Who’s afraid of the FTC’s new guidelines?

social media's magic ingredientAnswer – ” Not you if you’re operating under an authentic business model.”

Social media is all about information flowing freely and easily.    When a company engages in questionable business activities – social media is there, allowing customers to share what it’s like to do business with someone.  However, there have always been business owners who don’t want to play by the rules.  Instead of gathering authentic testimonials – they resort to crafting lies to promote their product or service.   They create “faux blogs” to promote their products – complete with fake testimonials.  They hire celebrities whom you trust, banking on that trust being transitive.   Well, the US government (via the FTC ) has been receiving complaints and is about to join the game.  They are in the process of crafting some new “rules” for the game of doing business – both off line and online!

The FTC stands for the Federal Trade Commission- a US government agency which is charged with the protection of American Consumers. The FTC was founded in 1914 – in the era of “trust building and trust busting.”  Since then, the agency’s powers have been enhanced to include all “unfair and deceptive business acts or practice.”  The most recent (1980)  guidelines are receiving a “face lift” for the new millennium – and may be a cause for concern for those who have been operating outside the bounds of “authentic” marketing and business building.

It’s not just brick and mortar businesses that have to worry about the new guidelines. Bloggers and internet marketers are definitely affected by the latest FTC guidelines that ban deceptive or unfair business practices.  If you’ve embraced my 3 step  authentic business success secrets formula – then you’ll probably welcome the relief offered by these new guidelines -written with social media marketing in mind.

New guidelines are being drafted which in their current state would allow the FTC to go after bloggers for any false claims or failure to disclose conflicts of interest.   The current draft of the guidelines also allows the FTC to go after the companies who partner with bloggers as well.

By the way, this same language also applies to celebrities who endorse products.  It looks like those D list celebrities who endorse such products as Cash 4 Gold had better take a good hard look at the reputation of the company who wants to hire them.

So, if you’ve written a glowing testimonial for a product you’ve never used – you might find yourself in as much hot water as the person for whom you wrote the testimonial.

If you’ve written a glowing review of a product you received  for free and you failed to disclose that you received the product for free –  again, you might find yourself in the same hot water.

Mary Engle of the FTC tells why in this video:

It  appears that the FTC is joining in the effort to keep the communication going on via social media “clean” and free from manipulation.

If you’re running an authentic business model – you have little to fear with the new guidelines.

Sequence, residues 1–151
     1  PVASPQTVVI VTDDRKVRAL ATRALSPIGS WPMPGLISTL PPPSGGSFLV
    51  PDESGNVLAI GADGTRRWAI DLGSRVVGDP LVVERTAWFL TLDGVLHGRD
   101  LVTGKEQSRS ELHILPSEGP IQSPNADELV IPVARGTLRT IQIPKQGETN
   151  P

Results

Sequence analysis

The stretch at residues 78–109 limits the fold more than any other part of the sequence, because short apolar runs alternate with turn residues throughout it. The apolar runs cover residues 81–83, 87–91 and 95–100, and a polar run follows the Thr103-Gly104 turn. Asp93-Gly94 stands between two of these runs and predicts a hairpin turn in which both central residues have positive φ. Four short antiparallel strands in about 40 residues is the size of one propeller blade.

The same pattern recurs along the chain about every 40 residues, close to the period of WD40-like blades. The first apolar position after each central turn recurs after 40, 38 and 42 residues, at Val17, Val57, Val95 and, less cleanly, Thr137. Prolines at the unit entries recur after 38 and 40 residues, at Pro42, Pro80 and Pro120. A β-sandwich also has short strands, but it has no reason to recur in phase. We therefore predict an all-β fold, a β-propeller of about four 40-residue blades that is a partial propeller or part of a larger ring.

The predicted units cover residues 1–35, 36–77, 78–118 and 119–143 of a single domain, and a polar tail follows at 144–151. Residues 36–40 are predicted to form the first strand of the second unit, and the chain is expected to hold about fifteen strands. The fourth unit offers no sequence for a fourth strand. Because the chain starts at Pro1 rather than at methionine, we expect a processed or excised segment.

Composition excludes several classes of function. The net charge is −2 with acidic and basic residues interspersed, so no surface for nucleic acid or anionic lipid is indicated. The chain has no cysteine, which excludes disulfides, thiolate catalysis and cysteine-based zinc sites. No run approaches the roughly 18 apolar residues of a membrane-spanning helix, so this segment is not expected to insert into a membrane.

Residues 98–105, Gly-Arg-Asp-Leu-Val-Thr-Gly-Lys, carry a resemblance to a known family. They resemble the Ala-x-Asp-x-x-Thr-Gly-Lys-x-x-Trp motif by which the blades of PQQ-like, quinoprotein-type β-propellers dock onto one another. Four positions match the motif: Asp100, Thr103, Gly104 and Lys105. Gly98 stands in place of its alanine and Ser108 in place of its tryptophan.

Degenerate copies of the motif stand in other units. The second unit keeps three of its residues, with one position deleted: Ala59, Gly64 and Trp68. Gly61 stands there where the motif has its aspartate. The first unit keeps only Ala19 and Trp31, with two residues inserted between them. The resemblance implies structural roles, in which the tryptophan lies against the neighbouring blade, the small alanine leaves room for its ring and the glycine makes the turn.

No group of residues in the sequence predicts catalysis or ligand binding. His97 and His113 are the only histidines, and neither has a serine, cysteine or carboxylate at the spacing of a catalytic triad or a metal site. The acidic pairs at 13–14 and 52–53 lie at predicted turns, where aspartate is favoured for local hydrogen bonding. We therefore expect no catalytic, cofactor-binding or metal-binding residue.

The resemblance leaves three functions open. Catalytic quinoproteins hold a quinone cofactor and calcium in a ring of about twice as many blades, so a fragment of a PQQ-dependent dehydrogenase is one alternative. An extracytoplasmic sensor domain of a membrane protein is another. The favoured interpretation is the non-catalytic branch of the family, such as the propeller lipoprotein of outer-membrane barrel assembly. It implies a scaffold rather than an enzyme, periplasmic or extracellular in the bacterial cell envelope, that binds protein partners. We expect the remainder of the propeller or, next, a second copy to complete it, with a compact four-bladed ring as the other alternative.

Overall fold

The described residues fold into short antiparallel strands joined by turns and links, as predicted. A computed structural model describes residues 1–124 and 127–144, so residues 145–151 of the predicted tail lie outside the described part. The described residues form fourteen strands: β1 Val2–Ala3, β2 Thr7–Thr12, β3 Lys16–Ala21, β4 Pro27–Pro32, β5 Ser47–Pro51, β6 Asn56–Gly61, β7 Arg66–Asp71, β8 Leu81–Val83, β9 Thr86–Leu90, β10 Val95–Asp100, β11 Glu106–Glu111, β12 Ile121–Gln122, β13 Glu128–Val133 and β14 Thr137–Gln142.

If the testimonials you feature on your blog or web site are real – both the ones from your customers and the ones you have written for other bloggers and internet marketers – then your compliance with the guidelines will be easy peasy lemon squeazy.

For most ethical business people and bloggers, you may need to disclose the fact that the links in your blog post are affiliate links – but other than that – the new rules shouldn’t cause most authentic and ethical business owners and bloggers much concern.

If however, you’ve been less than authentic in your marketing communications – then you may have a serious problem on your hands when the guidelines are finalized – expected some time in 2010.


  1. This is great, I wish the UK government would do something similar… However, I wonder how these rules will be enforced? I can’t help thinking it’s just a publicity stunt designed to make people believe that something is being done, when in fact nothing will really change that much.
    .-= Amelia Vargo´s last blog ..Local SEO and hCard Microformatting =-.

  2. Amelia,

    US Consumers can submit a complaint to the FTC here:

    The FTC won’t respond to a single complaint – but rather they use these complaints to “detect patterns of wrong-doing, and lead to investigations and prosecutions. ”

    In other words, you can’t report someone to the FTC and expect them to make it right – but if your report is one of many – it can cause prosecutors to take a good hard look at how you run your business.

    I think you’re right though when it comes to people’s perception of what is happening. I do think there are people who think they can report someone to the FTC and the US government is going to criminally prosecute a business for having misleading testimonials on their site.

    You also bring up a good point – this ONLY applies to US business owners. Business owners in the UK don’t have to worry – yet. 🙂

  3. This is pretty much what I thought about the issue. If you’re honest from the start, then these rules don’t affect you much. All I did was put into words on my policies page the practices I already used.
    .-= Jodith´s last blog ..Weekly Links Roundup 12-04-2009 =-.

  4. Hi Kathy – I guess the new rules will protect from those scammy internet marketers who get their friends to write glowing testimonials for $4000 products.

    I haven’t been about much this year so I haven’t taken a lot of notice of the new rules. I guess I should check them out.